Democratic gubernatorial candidate Jason Carter is renewing calls on the state Attorney General to investigate whistleblower complaints that involve Republican Governor Nathan Deal filed by ethics commission workers.
Watchdog group Common Cause Georgia is calling for the resignation or termination of Holly LaBerge, the executive secretary of the state ethics commission. William Perry with Common Cause says four whistleblower lawsuits are costing taxpayers $3 million. He says LaBerge was the one who decided to terminate two of the whistleblowers, and the leadership needs to be held accountable for retaliating against former ethics commission employees. “And these things, half of them happened under her watch. And a Fulton County jury believes that two others were removed in order to bring her in. So we think it’s just time to make a change.”
The state has settled whistle-blower complaints by three former ethics commission employees for a total of $1.8 million, potentially bringing to a close a controversial chapter in recent Georgia politics.
Jason Carter’s shot at becoming Georgia’s next Governor could hinge on the fallout from a trio of ethics cases involving Republican governor Nathan Deal. That’s according to experts on the heels of reports from the AJC and WSB that a former ethics commission employee is close to settling a whistleblower lawsuit against the state for $1 million.
The flow of bills seems unstoppable at the state Legislature as the session picks up steam. The House alone had a dozen bills on its calendar Thursday. But like Ebenezer Scrooge confronting the Ghost of Christmas Past, lawmakers this week are also dealing with a bill they passed last year. On Tuesday, lawmakers attended a joint Q&A session to straighten out the confusion. And then on Thursday, they scheduled a meeting to discuss a part of the bill that exempts caucuses (except it’s not clear what a caucus is).
Did you know that there’s an election this year in Georgia? For Governor? The state Senate staged a piece of theater Friday that served as a reminder, lest you forget. But first, a word about what’s on the roster for this week. A lot! Lawmakers will turn their attention this week to the 2015 budget. Passing a balanced budget is the only thing lawmakers are constitutionally obligated to do.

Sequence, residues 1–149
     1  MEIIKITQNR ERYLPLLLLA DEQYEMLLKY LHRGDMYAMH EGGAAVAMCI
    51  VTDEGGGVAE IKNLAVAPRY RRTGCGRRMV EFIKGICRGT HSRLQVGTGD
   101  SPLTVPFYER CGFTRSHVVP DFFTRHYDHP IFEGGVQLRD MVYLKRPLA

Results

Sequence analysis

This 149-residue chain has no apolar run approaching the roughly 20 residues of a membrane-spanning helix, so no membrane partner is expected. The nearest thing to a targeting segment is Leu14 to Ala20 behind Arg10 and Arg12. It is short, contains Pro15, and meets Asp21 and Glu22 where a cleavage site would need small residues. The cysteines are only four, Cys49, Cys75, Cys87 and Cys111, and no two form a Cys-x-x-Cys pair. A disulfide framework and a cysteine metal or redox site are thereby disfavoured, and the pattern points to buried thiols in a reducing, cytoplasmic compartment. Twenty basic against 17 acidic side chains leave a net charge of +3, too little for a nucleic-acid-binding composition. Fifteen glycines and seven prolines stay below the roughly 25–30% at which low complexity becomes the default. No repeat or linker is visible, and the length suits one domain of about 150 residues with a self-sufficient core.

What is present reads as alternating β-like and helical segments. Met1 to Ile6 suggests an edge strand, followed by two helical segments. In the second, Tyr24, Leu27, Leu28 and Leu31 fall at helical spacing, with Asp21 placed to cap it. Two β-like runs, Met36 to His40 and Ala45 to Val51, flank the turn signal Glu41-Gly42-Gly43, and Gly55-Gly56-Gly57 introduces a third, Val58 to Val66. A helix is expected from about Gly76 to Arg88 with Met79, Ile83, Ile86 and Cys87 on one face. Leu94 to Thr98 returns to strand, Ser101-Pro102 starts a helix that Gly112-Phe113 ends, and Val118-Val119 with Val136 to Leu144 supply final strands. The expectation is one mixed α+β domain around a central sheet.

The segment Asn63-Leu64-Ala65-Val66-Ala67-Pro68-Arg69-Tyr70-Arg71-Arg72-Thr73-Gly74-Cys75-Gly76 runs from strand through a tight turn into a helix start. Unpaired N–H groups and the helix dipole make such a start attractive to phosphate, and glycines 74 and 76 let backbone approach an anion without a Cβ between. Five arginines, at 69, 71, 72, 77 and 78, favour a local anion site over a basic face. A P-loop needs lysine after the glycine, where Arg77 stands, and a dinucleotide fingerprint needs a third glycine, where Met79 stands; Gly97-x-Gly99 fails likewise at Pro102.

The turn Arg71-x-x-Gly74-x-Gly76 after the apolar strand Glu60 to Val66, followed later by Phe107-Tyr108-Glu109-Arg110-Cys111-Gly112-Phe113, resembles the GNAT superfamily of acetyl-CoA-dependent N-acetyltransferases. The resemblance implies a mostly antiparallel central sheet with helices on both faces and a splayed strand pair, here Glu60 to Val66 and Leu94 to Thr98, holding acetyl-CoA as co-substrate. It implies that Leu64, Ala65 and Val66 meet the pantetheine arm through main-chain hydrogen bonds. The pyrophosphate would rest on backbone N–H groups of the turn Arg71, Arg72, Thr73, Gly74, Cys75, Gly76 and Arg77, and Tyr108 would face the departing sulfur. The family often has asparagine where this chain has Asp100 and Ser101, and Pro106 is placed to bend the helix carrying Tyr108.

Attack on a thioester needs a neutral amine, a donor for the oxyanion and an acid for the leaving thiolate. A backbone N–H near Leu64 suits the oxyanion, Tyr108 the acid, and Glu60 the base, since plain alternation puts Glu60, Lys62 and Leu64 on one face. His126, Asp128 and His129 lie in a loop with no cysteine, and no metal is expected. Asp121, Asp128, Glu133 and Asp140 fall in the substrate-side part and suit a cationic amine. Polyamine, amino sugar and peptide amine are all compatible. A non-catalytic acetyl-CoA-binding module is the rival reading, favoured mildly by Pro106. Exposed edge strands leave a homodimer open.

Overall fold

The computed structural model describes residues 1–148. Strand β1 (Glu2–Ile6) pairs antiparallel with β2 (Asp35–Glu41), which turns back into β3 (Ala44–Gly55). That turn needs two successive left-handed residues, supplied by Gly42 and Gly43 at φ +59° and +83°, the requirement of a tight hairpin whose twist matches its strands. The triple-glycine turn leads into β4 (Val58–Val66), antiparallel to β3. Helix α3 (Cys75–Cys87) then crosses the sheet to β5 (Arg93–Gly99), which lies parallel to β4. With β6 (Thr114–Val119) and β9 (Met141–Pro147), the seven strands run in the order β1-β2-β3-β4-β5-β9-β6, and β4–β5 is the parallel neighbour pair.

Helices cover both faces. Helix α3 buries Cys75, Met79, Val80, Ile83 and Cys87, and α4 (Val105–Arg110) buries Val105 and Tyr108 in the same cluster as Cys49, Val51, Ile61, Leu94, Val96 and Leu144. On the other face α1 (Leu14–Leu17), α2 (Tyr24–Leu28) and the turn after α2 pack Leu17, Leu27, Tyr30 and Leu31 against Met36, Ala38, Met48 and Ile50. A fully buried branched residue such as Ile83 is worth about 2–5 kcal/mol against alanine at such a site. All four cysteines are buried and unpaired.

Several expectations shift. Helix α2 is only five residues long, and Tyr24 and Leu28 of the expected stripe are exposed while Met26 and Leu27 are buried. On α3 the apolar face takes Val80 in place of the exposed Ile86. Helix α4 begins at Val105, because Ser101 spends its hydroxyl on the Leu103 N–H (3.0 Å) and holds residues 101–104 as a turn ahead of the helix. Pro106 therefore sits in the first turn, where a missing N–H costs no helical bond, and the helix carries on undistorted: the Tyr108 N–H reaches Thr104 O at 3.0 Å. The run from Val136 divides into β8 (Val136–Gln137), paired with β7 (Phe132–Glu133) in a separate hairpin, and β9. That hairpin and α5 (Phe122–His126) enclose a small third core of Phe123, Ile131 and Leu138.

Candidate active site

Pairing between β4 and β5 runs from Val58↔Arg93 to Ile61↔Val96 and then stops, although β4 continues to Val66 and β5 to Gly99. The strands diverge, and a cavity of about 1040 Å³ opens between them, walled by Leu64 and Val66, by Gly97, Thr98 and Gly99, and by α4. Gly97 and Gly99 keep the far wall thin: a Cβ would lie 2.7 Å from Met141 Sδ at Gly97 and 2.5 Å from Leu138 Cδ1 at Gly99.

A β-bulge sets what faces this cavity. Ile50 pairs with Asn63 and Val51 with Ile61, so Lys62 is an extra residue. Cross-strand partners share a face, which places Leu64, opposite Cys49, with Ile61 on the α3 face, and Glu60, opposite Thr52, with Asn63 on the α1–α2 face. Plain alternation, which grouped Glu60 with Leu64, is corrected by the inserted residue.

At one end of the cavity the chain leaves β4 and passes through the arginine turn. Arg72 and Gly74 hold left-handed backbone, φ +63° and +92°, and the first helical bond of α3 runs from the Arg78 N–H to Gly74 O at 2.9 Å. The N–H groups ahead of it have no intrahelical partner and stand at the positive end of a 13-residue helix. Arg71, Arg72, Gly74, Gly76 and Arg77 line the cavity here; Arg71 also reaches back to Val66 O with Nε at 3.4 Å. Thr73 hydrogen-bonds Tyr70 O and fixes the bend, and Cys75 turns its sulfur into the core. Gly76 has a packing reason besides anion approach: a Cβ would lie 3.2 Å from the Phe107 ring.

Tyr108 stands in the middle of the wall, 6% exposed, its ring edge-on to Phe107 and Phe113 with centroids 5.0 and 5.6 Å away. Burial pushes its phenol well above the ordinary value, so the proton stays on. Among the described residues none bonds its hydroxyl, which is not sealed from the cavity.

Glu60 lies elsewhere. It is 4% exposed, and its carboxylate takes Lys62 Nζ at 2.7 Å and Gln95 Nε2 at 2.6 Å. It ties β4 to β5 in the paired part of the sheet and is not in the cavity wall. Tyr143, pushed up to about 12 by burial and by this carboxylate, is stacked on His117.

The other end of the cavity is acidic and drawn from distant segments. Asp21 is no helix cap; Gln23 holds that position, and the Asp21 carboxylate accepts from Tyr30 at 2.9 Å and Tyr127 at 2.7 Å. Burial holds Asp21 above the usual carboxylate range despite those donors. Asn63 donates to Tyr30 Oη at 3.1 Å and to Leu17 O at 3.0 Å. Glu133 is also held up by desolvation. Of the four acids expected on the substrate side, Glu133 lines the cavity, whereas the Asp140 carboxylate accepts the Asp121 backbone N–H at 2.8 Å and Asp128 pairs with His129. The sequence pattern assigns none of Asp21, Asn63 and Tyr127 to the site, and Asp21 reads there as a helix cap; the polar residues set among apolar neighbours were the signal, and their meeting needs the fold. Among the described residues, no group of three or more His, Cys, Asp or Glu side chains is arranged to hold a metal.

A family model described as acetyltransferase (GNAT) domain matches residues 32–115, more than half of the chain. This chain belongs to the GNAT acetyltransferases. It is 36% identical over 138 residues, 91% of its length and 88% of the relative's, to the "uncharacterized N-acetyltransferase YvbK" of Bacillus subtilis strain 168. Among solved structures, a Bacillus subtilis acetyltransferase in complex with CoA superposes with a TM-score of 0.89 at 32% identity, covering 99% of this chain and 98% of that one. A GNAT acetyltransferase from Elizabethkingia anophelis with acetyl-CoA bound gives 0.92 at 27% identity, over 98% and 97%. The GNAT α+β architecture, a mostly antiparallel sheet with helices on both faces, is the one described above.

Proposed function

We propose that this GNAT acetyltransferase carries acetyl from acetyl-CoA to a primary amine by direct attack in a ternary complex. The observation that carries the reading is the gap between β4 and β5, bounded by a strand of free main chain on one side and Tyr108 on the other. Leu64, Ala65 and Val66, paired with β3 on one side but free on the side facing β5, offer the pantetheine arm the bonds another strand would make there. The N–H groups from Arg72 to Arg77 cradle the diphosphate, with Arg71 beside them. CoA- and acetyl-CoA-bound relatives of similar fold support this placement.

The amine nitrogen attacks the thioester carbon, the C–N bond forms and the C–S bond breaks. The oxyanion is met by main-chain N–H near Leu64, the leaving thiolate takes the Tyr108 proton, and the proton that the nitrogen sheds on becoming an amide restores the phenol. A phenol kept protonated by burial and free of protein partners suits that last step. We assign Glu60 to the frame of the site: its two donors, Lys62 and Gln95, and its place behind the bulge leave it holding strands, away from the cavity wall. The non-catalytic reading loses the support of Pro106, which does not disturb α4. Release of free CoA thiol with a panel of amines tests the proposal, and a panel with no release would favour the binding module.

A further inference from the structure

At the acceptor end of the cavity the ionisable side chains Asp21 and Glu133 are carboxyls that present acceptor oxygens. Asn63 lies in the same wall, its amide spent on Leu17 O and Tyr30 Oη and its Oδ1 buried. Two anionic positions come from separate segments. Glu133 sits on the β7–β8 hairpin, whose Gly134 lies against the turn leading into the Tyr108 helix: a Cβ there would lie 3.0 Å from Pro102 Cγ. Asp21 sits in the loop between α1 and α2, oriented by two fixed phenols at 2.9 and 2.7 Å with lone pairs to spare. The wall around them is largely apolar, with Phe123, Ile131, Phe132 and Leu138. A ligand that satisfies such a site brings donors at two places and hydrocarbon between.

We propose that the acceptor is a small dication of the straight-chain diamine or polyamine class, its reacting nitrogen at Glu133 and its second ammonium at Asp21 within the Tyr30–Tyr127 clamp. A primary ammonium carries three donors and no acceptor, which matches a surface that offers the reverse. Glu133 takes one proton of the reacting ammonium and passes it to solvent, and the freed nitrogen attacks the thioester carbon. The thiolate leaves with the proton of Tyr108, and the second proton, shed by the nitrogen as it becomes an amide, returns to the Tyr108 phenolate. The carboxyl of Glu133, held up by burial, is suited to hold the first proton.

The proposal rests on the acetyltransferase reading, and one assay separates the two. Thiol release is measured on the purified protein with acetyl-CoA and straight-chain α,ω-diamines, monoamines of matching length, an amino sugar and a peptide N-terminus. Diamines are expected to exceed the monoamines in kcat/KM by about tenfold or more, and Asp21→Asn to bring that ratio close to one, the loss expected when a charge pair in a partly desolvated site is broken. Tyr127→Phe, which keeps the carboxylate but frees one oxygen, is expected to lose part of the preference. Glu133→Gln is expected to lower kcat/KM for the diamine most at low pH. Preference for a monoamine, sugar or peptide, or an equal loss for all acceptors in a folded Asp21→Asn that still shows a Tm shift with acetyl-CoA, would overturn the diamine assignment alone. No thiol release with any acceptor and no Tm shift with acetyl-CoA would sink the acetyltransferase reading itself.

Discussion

A normally a quick and controversy free Friday at the Capitol was instead filled with fireworks as members of the Senate tried to make changes to a bill dealing with the state ethics commission. What started as a so–called "simple bill" became a political grudge match as Senate Democrats tried to make changes to the state's ethics policies. The bill clarified a provision lawmakers passed last year, which exempts local level politicians from reporting campaign contributions to the state if they total less than $2,500 dollars.
State lawmakers will be back at the Capitol in two weeks to start the 2014 General Assembly session and advocates have already been working on their legislative agendas. “We are also expecting it to be a very fast session—gavel in, gavel out—and that just means we have to be ready to hit the ground running,” said Liz Coyle, deputy director of Georgia Watch, a consumer advocacy group.
The Whistleblower lawsuit that sparked an investigation into Governor Nathan Deal's 2010 campaign may take years to resolve. Federal authorities are looking into allegations made by two former employees of the Georgia Government Transparency and Campaign Finance Commission. The pair is currently suing the state under the Georgia Whistleblower Act. They claim the commission forced them out after they tried to look into ethics allegations involving the Deal campaign. Reports Wednesday revealed that a federal grand jury has subpoenaed a handful people to appear next month, none of whom work in the Governor’s Office.
Gov. Nathan Deal suspended state Senator Don Balfour on Wednesday following his criminal indictment in September. Deal’s decision came at the recommendation of three fellow Republicans he appointed to sift through the charges. Balfour, a Snellville Republican, faces charges he illegally claimed reimbursements when he wasn't on official state duty. In a hearing Wednesday, Balfour’s attorney, Ken Hodges, argued the expense report errors were inadvertent. And he said a state Senate ethics committee has already determined just that.